Short Hikes in the Needles District of Canyonlands National Park, Scenic Hwy 211, & Newspaper Rock - Utah
This is an account of our first visit to the Needles District of Canyonlands National Park in Utah. It was a rather short visit, but it was a beautiful drive, and it set the stage for later excursions in this remote area.
From Arches National Park it was forty-five miles south on U.S. Hwy 191 to Utah 211. Then thirty-five miles west to the Needles District of Canyonlands National Park.
The drive down Utah 211 is quite scenic in itself, but we were focused on our first visit to "Needles" on the way in. However, we got lots of pictures on the way back that you will see toward the end of this post.
After stopping at the visitors center ...
we went directly to the Squaw Flats campground in search of our buddy, Len. We were going to visit him and check out the campground. We talked for awhile and had lunch before saying our goodbyes.
We departed and went to hike the Pothole Point Trail. That short hike wasn't very intriguing, but we did find these natural sculptures that were pretty cool.
And there were definitely potholes. This was the largest.
Linda proposed the shot above and this next one.
After finishing up at Pothole Point, we headed past Wooden Shoe Arch.
You can barely see the arch in the left center of the above shot. But I like this pic because of the "pronghorn" shadow on the rocks to the right.
We only had time for one more short hike, so we chose the Cave Spring Trail. It had a bit more character as we walked past the remnants of an old cowboy camp ...
to the springs.
There are a couple of pictographs in there.
After the lower part of the trail, which was in the shadows by the time we got to it, we had to climb a couple of ladders up to the rocks above.
The setting sun provided us with some great lighting for photos from there.
This hike even had a couple potholes of its own.
But my favorite part of this hike was walking among the big sagebrush and taking in that unmistakable aroma that surrounded us.
It's so soothing to me ... not that I need much soothing these days.
One last shot from the Cave Spring Trail. These rocks looked wrinkly - sort of like the skin of those Shar Pei dogs.
I just thought it was really cool with the shadows.
We finally left the park and were back on Utah 211. It was a slow process as the lighting on the red rocks was gorgeous.
We stopped to get some shots and there was a guy pulled off the road. He had his tripod out looking at the same view.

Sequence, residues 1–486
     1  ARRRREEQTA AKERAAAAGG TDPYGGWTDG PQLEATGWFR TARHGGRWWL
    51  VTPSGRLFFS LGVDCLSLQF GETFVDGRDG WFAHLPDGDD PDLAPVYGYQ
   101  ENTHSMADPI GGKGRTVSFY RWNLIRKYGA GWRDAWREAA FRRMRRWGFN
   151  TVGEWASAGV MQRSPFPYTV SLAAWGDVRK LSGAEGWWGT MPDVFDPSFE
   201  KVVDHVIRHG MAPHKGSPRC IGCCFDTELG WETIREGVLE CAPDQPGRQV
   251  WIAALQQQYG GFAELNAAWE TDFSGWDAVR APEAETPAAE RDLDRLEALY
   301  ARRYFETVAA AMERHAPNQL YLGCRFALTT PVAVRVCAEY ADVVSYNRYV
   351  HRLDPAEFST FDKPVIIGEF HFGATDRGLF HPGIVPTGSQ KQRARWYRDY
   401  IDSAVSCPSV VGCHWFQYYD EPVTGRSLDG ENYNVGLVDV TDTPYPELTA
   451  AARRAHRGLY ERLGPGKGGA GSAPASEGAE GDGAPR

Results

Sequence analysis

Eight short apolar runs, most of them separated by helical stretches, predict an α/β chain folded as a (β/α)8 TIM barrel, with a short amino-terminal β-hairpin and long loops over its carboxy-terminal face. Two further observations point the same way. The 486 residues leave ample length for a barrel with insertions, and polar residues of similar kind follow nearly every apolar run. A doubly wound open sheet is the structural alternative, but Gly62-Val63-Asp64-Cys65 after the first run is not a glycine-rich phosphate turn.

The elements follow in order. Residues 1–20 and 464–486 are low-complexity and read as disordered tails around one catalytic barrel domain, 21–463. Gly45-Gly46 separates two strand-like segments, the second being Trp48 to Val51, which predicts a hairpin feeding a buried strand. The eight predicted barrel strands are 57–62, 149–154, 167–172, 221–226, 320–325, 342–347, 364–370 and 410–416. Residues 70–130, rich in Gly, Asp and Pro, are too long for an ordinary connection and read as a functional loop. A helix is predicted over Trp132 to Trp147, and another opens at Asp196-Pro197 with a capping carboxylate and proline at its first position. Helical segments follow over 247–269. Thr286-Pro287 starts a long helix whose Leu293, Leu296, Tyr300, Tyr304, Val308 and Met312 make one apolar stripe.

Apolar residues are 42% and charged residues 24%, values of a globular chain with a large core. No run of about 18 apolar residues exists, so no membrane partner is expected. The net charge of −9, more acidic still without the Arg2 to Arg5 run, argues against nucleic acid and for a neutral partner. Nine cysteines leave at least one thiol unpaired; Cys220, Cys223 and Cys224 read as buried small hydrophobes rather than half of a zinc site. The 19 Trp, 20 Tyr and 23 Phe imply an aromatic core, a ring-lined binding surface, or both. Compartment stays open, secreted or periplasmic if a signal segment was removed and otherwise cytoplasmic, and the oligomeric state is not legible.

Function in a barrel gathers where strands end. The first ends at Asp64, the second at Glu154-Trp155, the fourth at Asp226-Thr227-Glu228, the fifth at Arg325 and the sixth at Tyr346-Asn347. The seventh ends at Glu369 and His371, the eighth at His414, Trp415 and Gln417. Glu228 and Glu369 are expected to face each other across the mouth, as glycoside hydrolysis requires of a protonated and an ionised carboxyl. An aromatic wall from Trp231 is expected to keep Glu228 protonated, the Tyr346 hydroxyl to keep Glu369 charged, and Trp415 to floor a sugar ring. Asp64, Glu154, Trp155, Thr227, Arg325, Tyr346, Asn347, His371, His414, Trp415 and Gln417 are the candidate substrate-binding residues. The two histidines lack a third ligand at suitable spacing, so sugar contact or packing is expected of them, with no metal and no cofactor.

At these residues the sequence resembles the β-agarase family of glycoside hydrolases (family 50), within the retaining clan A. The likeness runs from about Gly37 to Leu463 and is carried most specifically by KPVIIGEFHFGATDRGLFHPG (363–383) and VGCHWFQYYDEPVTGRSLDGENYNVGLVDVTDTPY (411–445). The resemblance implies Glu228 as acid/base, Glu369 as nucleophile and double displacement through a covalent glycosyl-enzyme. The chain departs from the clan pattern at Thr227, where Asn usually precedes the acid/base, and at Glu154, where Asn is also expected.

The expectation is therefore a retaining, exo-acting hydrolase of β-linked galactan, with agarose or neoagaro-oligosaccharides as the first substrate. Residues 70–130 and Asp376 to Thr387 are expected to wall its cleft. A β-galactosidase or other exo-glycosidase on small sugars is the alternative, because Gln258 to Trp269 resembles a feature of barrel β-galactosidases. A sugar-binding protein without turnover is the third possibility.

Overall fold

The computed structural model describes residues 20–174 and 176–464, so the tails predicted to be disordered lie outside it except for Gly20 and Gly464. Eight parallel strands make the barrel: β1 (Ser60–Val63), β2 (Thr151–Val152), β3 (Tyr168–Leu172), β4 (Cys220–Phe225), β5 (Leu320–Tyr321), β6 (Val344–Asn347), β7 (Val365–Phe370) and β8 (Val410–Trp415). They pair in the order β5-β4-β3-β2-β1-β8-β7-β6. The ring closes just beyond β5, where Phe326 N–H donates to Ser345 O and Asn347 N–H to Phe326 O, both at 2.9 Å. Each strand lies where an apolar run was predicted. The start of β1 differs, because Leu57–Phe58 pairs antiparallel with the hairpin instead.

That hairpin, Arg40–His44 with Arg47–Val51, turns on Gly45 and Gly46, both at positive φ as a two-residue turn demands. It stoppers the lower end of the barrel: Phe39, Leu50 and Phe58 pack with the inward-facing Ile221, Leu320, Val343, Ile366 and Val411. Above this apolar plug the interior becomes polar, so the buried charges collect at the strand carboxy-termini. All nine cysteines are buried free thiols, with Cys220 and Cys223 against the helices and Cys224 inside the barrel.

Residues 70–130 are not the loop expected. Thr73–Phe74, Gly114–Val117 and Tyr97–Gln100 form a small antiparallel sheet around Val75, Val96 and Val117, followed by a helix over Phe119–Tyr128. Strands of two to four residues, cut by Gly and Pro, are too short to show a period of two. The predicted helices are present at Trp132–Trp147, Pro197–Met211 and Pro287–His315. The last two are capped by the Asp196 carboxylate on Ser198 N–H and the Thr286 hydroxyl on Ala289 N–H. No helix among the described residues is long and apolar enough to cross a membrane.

"Ever shoot this rock before?" he asks. "No, first time" I replied. I didn't want to let on that I had no idea what I was doing - just set to "automatic", point and shoot.
Farther down the road, we made a few more stops.
I'll just let the photos speak for themselves.
We continued on and saw huge herds of Mule Deer and the largest flock of Wild Turkeys we had ever seen. There must have been 50 turkeys in a field.
As we looked back over our shoulders, the sun had set silhouetting the rock formations behind us.
This one includes a couple of distant mesas.
On our way in to Needles, we had skipped the place called Newspaper Rock, and now it was dark. Still, we got out with our headlamps to take a look at the petroglyphs.
Lots of rock art on one wall.
As we stepped away and got in the Jeep, we looked back and noticed a face in the rocks above the petroglyphs. I don't know if it was just the lighting at that particular time, but it certainly gave us a shiver.
I didn't have my tripod and this was the best I could do.
Is this an ancient spirit overseeing the history of this spot? That gave us an extra sense of spirituality in the air on this night at Newspaper Rock. Wow.
Okay. One final shot. A nice ending to a fun-filled day.
Now, we really enjoyed our evening drive back on Utah 211. But you are taking you life into your own hands if you drive that road in the dark.
You have to be prepared for cows, deer, and turkeys on the road or crossing the road. They are everywhere. We were quite content to be third in a line of slow-moving, cautious vehicles.
The Needles District of Canyonlands is very large, it takes some driving to get there, and the accommodations are sparse. Therefore, it doesn't get visited by as many people, and those that do go, are spread out over a much wider area. So, if you like canyons and scenery and no crowds, consider a trip to Needles. We're looking forward to spending more time there.
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